Motion planning refers to how movements can be planned in robots, generally either to reach a certain waypoint or to hit several destinations in a sequential order. This can be done by giving the robot computer vision or by programming the motion planning with all the obstacles in the given space so the robot immediately knows the space’s geometry. Along with simple movements such as moving forward, the robot also may have to be built for complex movements such as going down stairs. While this most commonly is used for robotics, it also has a place in video game programming, where it keeps characters from going through walls and programs non-playable characters (NPCs).
The prime task of motion planning is to tell a robot how to move. The control normally is subtle, and a defined path is not assigned to the robot, but the robot usually is told the location of the endpoint. Subtle programming means the robot will know how to move, but it will not be told strictly to go forward a certain distance to reach the goal. This can be used to give the robot one place to reach, or the robot can be programmed with several destinations to reach in a sequential order. With the control normally being subtle, the robot will use all known information to figure out its own way to the destination.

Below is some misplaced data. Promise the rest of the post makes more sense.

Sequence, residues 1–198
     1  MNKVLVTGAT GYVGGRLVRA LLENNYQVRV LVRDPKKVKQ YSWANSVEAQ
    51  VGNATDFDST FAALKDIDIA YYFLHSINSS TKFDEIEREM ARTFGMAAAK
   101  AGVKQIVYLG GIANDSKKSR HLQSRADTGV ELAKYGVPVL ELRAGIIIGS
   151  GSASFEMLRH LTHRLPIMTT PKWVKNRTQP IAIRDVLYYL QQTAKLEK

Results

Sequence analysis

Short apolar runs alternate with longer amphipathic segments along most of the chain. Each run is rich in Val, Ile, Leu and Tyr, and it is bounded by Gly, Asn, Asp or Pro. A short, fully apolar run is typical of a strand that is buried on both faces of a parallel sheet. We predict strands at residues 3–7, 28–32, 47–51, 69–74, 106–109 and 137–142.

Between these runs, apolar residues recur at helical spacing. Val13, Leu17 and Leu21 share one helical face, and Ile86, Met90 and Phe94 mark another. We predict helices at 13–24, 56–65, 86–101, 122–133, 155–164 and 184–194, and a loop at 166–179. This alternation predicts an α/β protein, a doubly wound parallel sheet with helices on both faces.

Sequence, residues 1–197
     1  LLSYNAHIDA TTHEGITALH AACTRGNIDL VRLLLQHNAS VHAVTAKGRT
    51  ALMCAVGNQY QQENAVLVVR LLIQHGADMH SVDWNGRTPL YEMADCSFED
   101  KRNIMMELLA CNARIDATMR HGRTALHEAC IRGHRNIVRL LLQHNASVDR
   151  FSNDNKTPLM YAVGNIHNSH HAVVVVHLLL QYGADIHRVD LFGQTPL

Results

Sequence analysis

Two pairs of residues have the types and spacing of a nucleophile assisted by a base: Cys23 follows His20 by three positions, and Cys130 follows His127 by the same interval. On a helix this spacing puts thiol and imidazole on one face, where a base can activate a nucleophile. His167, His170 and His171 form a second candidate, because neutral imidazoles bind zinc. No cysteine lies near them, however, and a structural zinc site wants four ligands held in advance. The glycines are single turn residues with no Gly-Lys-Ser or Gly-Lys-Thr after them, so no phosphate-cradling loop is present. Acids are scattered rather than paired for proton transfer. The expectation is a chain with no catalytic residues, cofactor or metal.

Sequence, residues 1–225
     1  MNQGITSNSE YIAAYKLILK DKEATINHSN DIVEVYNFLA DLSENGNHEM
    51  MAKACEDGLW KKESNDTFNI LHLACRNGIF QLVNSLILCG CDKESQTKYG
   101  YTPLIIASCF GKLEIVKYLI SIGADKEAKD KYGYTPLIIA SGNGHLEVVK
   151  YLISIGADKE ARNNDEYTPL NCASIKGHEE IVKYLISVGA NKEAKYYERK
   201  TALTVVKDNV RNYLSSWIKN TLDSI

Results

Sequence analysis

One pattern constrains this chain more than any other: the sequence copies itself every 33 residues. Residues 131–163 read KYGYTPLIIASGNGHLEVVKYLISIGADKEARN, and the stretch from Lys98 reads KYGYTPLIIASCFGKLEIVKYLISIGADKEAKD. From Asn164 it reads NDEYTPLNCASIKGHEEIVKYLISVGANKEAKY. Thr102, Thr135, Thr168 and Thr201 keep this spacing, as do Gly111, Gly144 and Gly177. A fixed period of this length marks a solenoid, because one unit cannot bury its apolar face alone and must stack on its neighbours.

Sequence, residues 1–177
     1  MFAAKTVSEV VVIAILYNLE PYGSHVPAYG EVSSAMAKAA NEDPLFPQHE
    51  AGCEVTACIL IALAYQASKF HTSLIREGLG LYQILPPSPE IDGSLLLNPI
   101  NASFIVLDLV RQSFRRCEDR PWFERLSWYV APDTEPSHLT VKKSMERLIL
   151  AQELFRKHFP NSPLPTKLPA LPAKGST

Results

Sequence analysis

There normally are two different technologies that can be used to help with motion planning. Computer vision, or enabling robots to see and recognize obstacles, can be used so the robot knows what it can and cannot go through when attempting to reach the destination. Programming in all the space’s known obstacles and geometry — such as its size and shape — can be just as useful as computer vision but tends to lack versatility.
For basic motion planning, the robot only has to be made for simple movements that involve moving forward and backward. More advanced versions of motion planning involve complex movements, such as going down stairs or ramps. To accommodate this, the robot should have a body that can perform these movements.
Motion planning typically is used in reference to robotics, but it also can be used for video game programming. When it comes to the player’s character, this helps ensure that the character cannot go through the game’s solid objects, such as walls and miscellaneous items. For NPC paths, especially those that are not strictly programmed, this can ensure that the NPC properly goes through the game’s space.